I have been a fan of the NBA since I was six. I remember sitting in my house and watching grown men play the game I knew I was going to play someday. I saw how physical the game could be with men getting punched in the face or even getting kicked in the stomach. My thoughts from watching them were, “man, those are some strong dudes. I want to be just like them, physical and tough.” I remember seeing Kurt Rambis, on a sports replay, getting clothes-lined in mid-air and getting back up like a “G.” I remember actually seeing Michael Jordan take a beating every game he played during the season and the playoffs, but he kept getting stronger and didn’t back down. This is what made him great. He didn’t cry to the ref because he was confident he would be able to handle whatever was thrown at him; look at how he fought Reggie Miller. He didn’t need the refs to take up for him. I loved the physicality that those men displayed every time they hit the court. Did people forget about how Pat Riley had the New York Knicks play? They were the main team in the NBA that had the rule that if anyone entered the paint they tasted the floor. Anthony Mason, Charles Oakley, and even John Starks made sure that their presence was felt by giving a shot to the ribs or knocking someone on the floor once they drove to the paint. We also can’t forget about the toughness Indiana had with Antonio Davis, Dale Davis, Rik Smits, and Reggie Miller–who I mentioned before. Those were the best days in basketball.
During 2000-2006 players would cry to the referees and the ref would just brush it off with a look that seemed to say, “Just play the game.” They would let the game continue even when Shaq would give someone an elbow in the paint. Players just took it and dished it back. He was so big that it was hard to guard him, but guess what? Shaq didn’t win every game he played. In 2004, the Lakers lost to the Pistons in the Finals even with his physical play, which is why he has the nickname, The Diesel. Ben Wallace still played defense and helped his team win a championship. Big Ben Wallace never cried to the referees during the Finals about Shaq because he was physically and mentally tough enough to take the beating. NBA basketball was a battle, and that made the game fun to watch. This was a time when players could get close to the defender. Everyone had to work hard on either side of the ball. When Tyrone Lue hand checked Allen Iverson during the Finals in 2001, Iverson continued to play hard and still averaged over 30 points per game. Basketball was a game of toughness and athleticism, and sometimes players had to endure physical beatings along with losing the game. That’s the way I and many others were brought up and it’s sad to say that those times have changed and cry-babies now run the NBA, not men.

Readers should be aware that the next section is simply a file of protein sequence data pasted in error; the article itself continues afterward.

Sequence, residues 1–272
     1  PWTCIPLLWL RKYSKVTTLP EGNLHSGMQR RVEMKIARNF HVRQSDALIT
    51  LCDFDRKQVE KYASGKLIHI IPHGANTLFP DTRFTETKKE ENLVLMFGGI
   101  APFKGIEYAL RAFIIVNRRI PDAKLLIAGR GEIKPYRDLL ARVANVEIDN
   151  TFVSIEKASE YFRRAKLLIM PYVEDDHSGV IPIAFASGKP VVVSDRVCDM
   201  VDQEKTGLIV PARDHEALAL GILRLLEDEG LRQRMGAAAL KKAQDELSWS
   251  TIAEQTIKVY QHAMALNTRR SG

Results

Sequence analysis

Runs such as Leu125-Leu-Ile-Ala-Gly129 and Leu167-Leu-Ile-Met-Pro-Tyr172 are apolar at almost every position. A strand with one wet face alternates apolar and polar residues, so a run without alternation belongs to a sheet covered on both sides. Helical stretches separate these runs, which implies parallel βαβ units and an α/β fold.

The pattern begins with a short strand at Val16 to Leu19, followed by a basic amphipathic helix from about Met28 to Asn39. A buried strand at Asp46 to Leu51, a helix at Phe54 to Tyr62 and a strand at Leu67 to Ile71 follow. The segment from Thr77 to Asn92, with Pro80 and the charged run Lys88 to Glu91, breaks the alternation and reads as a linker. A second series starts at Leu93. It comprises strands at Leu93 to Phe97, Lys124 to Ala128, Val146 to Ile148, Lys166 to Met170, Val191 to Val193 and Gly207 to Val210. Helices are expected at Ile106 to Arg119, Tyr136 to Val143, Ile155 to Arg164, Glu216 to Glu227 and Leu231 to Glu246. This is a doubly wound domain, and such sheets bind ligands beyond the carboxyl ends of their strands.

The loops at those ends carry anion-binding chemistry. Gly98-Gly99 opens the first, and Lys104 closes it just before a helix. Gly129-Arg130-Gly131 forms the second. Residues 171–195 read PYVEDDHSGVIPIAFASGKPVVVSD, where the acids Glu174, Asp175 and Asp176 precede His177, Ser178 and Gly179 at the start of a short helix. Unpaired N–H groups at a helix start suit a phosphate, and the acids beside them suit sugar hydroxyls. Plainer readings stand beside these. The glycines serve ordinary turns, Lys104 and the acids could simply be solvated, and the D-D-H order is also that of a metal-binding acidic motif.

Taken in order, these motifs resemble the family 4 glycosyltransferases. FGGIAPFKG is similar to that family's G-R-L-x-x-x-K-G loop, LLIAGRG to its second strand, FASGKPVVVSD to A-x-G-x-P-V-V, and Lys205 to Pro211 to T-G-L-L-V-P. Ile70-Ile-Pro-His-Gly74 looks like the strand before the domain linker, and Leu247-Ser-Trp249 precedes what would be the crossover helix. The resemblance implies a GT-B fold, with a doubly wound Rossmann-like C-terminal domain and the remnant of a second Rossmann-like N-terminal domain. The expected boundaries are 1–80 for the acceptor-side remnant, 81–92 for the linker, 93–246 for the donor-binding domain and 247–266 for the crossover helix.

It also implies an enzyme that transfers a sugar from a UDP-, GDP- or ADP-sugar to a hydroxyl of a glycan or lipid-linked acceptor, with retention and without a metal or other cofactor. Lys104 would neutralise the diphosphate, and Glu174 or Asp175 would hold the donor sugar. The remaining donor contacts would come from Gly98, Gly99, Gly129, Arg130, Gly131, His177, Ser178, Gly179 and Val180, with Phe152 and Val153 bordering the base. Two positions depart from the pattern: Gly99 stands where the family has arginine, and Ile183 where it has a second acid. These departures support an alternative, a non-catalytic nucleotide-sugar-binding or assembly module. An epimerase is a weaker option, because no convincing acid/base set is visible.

This version of the NBA can be categorized as the cry baby league. The refs are listening to everything players whine about to protect certain superstars, like LeBron James and even Blake Griffin. The defensive player cannot touch the offensive player at all. The defender is left out to dry on the court and the offensive player, especially if you are a superstar, can just run into the defender and draw the foul. The defender doesn’t even have to touch the offensive player and a foul is called. What kind of mess is that? LeBron James is the prime example. He will lower his shoulder while charging full speed down the court and bowl right through a defender, or my favorite, use his off arm while he is dribbling to shield the ball and push the defender out-of-the-way. I can’t just blame LeBron for that because other players like Carmelo Anthony do the same. The ref will then call a foul on that defender. How can you call a foul on the defender when the offensive player is doing most of the pushing and banging to get to the basket? If you are a true fan of the game then you will know exactly what I’m talking about. The rule is that you have to keep your hands straight up and slide your feet to get position on that player. But, when that defender does this and the offensive player runs into him, the foul call is on the defender. In the event that foul call is not called, the players will then cry about not getting “necessary” calls. My advice: If you can’t be physical then go play tennis or bowling because then you won’t have to worry about someone touching you.
The referees must not understand the rules because they get it wrong every time by anticipating hits or calling them after someone has whined. How much longer can fans of the game watch the league baby LeBron James just because he is supposedly “the best player in the league?” Shoot, I would be the best player in the league too if I could knock the defender out the way and shoot an average of 12 free throws per game. Then, when I don’t get the call I want, all I have to do is go to the ref and let him know that I need to get that call and then shoot another 10 free throws. Another example of players being able to sway calls is when Dwayne Wade got Lance Stephenson ejected for having emotion. He let the ref know that Stephenson did something that offended him. I feel like the only people who should be able to talk to the refs are the coaches. All of this crying to the referees needs to stop, whether it is about physical play or otherwise. It has changed the course of the NBA already and will make it unrecognizable for generations to come.